By Quinn Phillips | April 27, 2009 5:03 pm
A few weeks ago, we discussed President Barack Obama’s plan to create a $634 billion fund for expanding access to health care. That post also covered the president’s proposals for competitive bidding among private Medicare insurance providers and a possible overhaul of how doctors are paid through regular Medicare.
Taking steps to expand health insurance coverage is generally popular with the public, but another element of the Obama administration’s health-care reform aspirations may not receive widespread support. In the economic stimulus package signed by the president in February, $1 billion was dedicated to studying the comparative effectiveness of medical treatments for common diseases and conditions. This information could then be used to regulate which treatments insurance covers and which it does not. Supporters of such regulations argue that our health-care system is overrun with unnecessary tests and unproven procedures that benefit doctors and health providers financially, but that drive up the cost of care for everyone. Skeptics worry that government intervention might limit the ability of doctors to act in their patients’ best interest and could stifle medical innovation.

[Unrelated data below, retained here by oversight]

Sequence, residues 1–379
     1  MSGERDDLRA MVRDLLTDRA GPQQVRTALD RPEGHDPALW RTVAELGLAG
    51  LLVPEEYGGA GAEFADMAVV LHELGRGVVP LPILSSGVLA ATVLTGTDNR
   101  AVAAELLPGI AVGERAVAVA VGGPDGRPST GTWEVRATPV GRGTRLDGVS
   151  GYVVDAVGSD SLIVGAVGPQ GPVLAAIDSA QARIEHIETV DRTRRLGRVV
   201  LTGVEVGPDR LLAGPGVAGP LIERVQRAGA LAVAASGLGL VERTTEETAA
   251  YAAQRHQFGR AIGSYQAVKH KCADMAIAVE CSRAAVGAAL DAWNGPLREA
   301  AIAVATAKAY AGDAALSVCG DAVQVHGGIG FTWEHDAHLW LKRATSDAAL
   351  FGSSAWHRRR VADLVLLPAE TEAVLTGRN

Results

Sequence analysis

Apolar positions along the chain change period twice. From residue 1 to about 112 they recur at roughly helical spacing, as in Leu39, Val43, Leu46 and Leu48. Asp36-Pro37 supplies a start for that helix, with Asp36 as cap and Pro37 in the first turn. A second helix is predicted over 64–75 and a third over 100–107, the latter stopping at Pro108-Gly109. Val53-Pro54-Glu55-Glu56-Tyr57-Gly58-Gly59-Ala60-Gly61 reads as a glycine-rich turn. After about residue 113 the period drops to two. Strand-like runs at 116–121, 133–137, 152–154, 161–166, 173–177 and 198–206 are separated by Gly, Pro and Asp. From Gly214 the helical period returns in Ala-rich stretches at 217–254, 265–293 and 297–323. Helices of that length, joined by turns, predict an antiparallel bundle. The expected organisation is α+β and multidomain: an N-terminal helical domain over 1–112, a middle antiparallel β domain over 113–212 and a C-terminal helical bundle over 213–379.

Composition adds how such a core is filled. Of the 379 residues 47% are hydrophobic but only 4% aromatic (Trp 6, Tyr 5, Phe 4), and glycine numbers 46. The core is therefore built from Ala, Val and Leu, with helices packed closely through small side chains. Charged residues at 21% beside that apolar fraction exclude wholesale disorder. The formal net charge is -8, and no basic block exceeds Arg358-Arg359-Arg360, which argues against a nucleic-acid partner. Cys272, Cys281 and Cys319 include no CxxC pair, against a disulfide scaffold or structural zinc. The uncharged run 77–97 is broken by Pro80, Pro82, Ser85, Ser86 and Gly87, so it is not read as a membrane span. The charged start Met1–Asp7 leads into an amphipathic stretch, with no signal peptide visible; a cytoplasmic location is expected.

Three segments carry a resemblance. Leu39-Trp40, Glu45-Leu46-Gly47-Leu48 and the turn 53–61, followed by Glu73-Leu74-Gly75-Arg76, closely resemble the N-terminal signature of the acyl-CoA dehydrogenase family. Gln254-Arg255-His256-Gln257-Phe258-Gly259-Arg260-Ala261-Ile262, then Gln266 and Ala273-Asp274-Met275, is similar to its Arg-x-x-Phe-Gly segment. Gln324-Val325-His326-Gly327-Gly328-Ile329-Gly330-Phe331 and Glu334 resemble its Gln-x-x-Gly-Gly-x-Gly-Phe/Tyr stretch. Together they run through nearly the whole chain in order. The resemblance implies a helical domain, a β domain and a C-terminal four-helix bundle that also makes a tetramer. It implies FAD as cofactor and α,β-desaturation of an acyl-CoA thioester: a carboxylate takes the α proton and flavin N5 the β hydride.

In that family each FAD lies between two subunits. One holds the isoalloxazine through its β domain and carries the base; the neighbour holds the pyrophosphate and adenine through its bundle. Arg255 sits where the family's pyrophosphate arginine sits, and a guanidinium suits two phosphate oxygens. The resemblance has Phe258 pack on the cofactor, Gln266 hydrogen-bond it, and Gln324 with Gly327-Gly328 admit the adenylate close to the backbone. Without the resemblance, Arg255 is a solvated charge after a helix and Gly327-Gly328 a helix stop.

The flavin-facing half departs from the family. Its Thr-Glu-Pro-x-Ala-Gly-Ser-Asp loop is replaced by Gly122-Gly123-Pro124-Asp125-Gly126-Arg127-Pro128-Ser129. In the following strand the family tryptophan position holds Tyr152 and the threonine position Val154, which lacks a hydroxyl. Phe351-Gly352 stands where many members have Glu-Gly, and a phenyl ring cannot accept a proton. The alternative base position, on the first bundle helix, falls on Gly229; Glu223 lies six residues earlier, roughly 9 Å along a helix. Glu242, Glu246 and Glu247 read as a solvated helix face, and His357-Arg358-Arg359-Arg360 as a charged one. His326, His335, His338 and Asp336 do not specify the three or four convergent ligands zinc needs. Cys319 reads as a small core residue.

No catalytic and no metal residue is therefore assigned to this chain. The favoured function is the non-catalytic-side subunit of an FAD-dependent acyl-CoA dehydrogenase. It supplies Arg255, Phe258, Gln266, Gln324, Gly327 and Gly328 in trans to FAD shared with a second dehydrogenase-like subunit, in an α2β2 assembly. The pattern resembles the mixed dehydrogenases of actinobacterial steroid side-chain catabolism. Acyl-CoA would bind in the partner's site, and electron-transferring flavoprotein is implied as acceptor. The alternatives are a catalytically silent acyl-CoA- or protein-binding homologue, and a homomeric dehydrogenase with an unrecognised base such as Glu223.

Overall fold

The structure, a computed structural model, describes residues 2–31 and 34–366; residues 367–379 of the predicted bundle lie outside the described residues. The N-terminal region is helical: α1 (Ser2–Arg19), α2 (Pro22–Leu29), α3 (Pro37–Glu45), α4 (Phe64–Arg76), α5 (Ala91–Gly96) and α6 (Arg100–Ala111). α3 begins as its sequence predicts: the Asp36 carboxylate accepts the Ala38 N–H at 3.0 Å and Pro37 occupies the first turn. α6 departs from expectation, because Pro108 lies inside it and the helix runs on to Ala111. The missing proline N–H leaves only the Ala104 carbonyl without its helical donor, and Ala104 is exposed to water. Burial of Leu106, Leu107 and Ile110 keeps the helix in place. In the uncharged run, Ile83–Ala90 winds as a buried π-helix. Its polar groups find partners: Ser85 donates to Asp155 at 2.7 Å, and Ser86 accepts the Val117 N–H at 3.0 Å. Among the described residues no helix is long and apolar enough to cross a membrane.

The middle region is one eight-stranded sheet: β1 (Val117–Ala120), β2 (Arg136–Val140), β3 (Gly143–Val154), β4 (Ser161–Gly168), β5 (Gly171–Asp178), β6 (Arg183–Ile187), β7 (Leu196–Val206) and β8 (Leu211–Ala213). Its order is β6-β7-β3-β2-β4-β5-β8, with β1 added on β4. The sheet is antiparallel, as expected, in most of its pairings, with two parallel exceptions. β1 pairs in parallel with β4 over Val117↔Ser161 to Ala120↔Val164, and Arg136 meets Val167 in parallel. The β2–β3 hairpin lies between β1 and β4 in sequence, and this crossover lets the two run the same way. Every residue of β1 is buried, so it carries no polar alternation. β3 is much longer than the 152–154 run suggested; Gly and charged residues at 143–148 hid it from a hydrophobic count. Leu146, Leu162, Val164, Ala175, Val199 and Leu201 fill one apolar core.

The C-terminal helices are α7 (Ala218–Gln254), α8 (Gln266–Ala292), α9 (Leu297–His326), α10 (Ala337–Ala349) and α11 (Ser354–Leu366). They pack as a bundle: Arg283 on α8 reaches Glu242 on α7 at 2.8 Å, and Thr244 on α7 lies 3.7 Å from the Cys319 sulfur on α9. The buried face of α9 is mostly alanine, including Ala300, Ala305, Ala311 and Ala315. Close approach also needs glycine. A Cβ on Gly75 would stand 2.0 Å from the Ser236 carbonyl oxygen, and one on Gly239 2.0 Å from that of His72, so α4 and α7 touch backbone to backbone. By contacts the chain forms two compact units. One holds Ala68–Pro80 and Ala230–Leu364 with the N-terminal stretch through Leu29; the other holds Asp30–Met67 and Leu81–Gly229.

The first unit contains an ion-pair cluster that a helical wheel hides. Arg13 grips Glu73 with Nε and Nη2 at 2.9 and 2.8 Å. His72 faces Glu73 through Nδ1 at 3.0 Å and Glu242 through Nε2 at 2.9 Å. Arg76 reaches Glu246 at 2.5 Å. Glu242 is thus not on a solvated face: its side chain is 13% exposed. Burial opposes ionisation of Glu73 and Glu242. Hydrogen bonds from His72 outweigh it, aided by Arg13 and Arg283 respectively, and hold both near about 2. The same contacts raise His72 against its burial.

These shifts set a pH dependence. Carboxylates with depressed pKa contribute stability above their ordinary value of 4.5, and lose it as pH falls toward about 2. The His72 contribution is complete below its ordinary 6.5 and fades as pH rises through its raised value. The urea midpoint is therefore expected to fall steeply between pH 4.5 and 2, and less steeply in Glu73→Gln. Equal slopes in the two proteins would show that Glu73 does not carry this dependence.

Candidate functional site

A recent poll conducted by National Public Radio, the Kaiser Family Foundation, and the Harvard School of Public Health seems to confirm that there are more skeptics than supporters in the general public. Forty-two percent of respondents with an opinion on the topic said they would trust a government health agency “a great deal” or “a fair amount” to determine what treatments deserve health insurance coverage; the remainder said they would trust an agency “just a little” or “not at all.” However, support for a panel of outside scientific experts — rather than a government agency — making such decisions was much greater.
What do you think of a panel of experts deciding which treatments deserve insurance coverage? What else, if anything, should the government do to control the rising cost of health care? And how does your personal experience with diabetes — or any other medical condition — shape your views? Leave a comment below!
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